|Filed Sep. 8, 1997|
Clinton Hieb, Plaintiff and Appellant
Tammy Hieb, Defendant
State of North Dakota, through the Regional Child Support Enforcement Unit, Appellee
Civil No. 960323
Appeal from the District Court for Stutsman County, Southeast Judicial District, the Honorable James A. Wright, Judge.
REVERSED AND REMANDED.
Opinion of the Court by Maring, Justice.
Sonna M. Anderson (argued), of Anderson & Anderson, P.O. Box 2574, Bismarck, N.D. 58502-2574, for plaintiff and appellant.
Daniel E. Bertsch (argued), Special Assistant Attorney General, P.O. Box 2806, Fargo, N.D. 58108-2806, for appellee.
Hieb v. Hieb
[¶1] Clinton Hieb appeals from the amended judgment entered August 19, 1996, setting child support at $690 per month for his three minor children. We reverse and remand for the district court to determine child support in accordance with our decision.
[¶2] Clinton and Tammy Hieb were divorced in 1985. Three children were born of the marriage, all of whom were minors living with Tammy at the time of this action. At the time of the parties' divorce in 1985, Clinton was ordered to pay a total of $300 per month in child support. On September 22, 1992, Clinton's child support obligation was reduced to $189 per month. Tammy assigned her claim to the Regional Child Support Enforcement Unit of Cass County, which filed a motion to increase child support in November of 1995. The motion contended Clinton's monthly net income was over $2,000 per month, and the previously set amount of child support did not comply with the Child Support Guidelines. Clinton resisted this motion, claiming his monthly net income was not as high as stated by the Child Support Enforcement Unit.
[¶3] At the time this action was brought, Tammy was receiving public assistance and living in West Fargo with the parties' three minor children, and Clinton was a self-employed long-haul truck driver whose home was in Harvey, North Dakota. A hearing was held on June 13, 1996, during which the court heard testimony from Clinton and his daughter Leslie. The court received Clinton's 1993, 1994, and 1995 tax returns into evidence, and made a determination of Clinton's net income for child support by calculating Clinton's average monthly income over that three year period. This determination was made by including the amounts Clinton deducted and claimed as business meal expenses on the basis that those expenses were "personal and living expenses" which were already accounted for by the Guidelines. The court found Clinton's net income to be $2,000 for purposes of child support and set Clinton's support amount at $690 per month, the amount prescribed by the Guidelines.
[¶4] Clinton appealed the trial court's amended judgment, claiming the trial court erred in its computation of his net income for purposes of child support. Clinton argues the lower court should not have included his meal expenses in determining his net income.
[¶5] Clinton claims the Internal Revenue Service regulations currently permit him to deduct a specified percentage of his meal expenses as a business expense for income tax purposes. Clinton's 1993 tax return shows he deducted 100% of his meal costs as a business expense in 1993, and his 1994 and 1995 returns show he deducted 50% of his meal costs in each of those years. Clinton argues he should be able to deduct 100% of his meal expenses in 1994 and 1995 as well as 1993 for purposes of computing his net income. We do not agree.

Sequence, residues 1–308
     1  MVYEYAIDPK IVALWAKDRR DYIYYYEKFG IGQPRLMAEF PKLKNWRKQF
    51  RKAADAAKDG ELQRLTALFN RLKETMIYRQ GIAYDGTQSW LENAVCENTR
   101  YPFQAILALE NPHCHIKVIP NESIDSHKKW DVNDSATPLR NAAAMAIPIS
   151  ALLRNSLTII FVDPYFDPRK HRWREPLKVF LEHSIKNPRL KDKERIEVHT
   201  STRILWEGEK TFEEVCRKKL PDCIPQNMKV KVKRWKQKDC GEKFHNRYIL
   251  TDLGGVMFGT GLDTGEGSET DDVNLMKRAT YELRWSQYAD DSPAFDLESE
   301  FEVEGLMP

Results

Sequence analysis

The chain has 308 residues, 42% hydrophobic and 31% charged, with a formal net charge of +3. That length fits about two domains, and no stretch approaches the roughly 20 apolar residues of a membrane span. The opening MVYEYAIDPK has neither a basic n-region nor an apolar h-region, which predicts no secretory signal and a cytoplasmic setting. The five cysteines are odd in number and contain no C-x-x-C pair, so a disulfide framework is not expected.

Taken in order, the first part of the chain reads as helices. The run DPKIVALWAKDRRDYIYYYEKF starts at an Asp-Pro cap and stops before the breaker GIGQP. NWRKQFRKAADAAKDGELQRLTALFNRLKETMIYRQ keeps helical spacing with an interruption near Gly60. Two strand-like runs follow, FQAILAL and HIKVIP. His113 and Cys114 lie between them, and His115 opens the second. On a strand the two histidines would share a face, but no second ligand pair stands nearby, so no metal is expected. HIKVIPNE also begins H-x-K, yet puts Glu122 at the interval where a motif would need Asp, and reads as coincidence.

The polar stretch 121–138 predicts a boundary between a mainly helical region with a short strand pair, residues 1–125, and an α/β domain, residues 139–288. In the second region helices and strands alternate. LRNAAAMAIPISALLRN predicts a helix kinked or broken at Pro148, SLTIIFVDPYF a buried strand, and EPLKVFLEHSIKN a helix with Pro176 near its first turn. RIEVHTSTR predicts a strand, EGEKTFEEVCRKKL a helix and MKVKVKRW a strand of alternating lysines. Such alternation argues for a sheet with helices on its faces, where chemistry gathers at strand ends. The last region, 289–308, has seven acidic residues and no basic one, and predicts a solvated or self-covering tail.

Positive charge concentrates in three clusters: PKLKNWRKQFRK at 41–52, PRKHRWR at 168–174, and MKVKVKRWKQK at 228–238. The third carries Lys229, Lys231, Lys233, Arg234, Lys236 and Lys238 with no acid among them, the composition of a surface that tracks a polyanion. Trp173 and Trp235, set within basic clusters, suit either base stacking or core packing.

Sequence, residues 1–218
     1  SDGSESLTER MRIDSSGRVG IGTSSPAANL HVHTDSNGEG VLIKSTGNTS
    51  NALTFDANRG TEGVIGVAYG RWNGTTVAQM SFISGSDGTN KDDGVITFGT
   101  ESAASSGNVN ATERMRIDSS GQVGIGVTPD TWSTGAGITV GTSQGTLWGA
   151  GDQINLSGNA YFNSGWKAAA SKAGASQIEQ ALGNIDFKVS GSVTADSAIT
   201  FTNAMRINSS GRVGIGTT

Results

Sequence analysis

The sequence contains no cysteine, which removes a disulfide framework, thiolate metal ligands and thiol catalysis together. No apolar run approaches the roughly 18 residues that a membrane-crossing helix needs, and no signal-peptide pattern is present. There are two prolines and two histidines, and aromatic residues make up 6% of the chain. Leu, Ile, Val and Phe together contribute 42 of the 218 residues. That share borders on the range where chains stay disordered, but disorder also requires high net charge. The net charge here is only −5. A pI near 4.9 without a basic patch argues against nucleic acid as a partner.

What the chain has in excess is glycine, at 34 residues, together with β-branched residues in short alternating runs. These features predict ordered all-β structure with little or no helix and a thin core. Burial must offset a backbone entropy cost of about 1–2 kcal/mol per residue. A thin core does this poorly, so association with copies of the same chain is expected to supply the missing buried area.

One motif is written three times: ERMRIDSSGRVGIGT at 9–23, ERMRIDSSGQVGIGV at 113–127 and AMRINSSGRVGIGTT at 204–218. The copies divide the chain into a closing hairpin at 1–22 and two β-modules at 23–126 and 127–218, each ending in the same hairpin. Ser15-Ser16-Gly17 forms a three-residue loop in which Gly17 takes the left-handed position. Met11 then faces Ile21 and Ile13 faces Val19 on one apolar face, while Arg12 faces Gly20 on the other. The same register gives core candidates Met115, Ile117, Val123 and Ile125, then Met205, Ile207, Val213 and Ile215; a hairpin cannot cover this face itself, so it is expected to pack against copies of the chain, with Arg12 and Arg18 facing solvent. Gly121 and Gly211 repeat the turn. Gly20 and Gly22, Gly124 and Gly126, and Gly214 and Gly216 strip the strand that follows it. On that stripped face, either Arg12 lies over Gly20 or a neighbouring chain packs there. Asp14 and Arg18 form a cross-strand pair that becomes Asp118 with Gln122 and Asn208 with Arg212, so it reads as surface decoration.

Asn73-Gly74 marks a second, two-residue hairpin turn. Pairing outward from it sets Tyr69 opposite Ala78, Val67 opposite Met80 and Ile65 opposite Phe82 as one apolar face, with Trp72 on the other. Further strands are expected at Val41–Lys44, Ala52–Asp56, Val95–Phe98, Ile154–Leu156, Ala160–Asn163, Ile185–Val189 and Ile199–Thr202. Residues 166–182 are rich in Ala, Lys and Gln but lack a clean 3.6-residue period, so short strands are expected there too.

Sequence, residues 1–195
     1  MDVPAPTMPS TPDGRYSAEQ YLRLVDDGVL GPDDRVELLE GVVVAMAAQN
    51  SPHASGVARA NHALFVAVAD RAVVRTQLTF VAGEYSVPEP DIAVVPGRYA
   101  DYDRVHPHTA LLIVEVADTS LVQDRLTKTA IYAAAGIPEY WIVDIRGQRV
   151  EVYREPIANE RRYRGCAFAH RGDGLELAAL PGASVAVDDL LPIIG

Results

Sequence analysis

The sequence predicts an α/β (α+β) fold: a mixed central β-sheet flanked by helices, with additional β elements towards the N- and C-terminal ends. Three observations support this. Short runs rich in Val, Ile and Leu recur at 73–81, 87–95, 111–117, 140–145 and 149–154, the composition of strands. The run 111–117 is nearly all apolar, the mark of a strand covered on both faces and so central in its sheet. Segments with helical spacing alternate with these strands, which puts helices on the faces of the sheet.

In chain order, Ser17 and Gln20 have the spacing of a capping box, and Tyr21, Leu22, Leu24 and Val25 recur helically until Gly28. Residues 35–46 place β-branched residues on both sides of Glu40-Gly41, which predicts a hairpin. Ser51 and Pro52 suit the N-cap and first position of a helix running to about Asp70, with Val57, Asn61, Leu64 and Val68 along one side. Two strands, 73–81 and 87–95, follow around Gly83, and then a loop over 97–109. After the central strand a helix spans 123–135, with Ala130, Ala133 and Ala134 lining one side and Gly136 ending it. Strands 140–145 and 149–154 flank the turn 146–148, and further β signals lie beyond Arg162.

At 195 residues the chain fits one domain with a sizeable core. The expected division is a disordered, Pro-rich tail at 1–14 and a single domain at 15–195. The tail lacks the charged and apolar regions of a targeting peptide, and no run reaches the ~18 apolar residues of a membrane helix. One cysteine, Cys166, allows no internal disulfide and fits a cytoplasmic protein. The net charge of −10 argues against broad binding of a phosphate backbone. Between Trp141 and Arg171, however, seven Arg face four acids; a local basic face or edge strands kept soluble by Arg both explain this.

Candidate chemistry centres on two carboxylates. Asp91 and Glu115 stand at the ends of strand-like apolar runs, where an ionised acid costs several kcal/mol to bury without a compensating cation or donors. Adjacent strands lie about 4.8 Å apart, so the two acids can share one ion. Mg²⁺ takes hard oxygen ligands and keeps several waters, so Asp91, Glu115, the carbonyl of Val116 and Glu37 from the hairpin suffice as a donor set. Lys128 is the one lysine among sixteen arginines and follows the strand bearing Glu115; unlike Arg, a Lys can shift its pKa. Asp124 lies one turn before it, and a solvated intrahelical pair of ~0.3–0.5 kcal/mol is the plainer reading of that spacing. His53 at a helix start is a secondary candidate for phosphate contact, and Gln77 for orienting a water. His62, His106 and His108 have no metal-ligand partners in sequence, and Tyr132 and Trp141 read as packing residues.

[¶6] Child support determinations are findings of fact, and are governed by the "clearly erroneous" standard of review. Wolf v. Wolf, 557 N.W.2d 742, 744 (N.D. 1996). A finding is "clearly erroneous" if this court finds, after a review of the entire record, it was induced by an erroneous view of the law, or if this court is left with a definite and firm conviction that a mistake has been made. Id.
[¶7] Child support determinations are governed by N.D.A.C. Chapter 75-02-04.1. A correct finding of an obligor's net income is essential to determining the proper amount of child support. Shaver v. Kopp, 545 N.W.2d 170, 174 (N.D. 1996). To determine the proper amount of support owed, the court must first determine the obligor's net income from all sources and the number of children to be supported. N.D.A.C. §§ 75-02-04.1-02(3) and 75-02-04.1-10. After the obligor's net income is established, that amount is applied to the Guidelines to determine the proper amount of child support. The amount prescribed by the Guidelines enjoys a rebuttable presumption of correctness. Edwards v. Edwards, 1997 ND 94, ¶5, 563 N.W.2d 394.
[¶8] Determining net income from self-employment is specifically covered by the Guidelines. See N.D.A.C. §§ 75-02-04.1-01(8) and 75-02-04.1-05. Under the Guidelines, before net income from self-employment can be computed, the trial court must first compute the obligor's adjusted gross income. See N.D.A.C. § 75-02-04.1-05(1). Only after the correct amount of adjusted gross income is determined can the trial court compute net income. See N.D.A.C. § 75-02-04.1-05(2).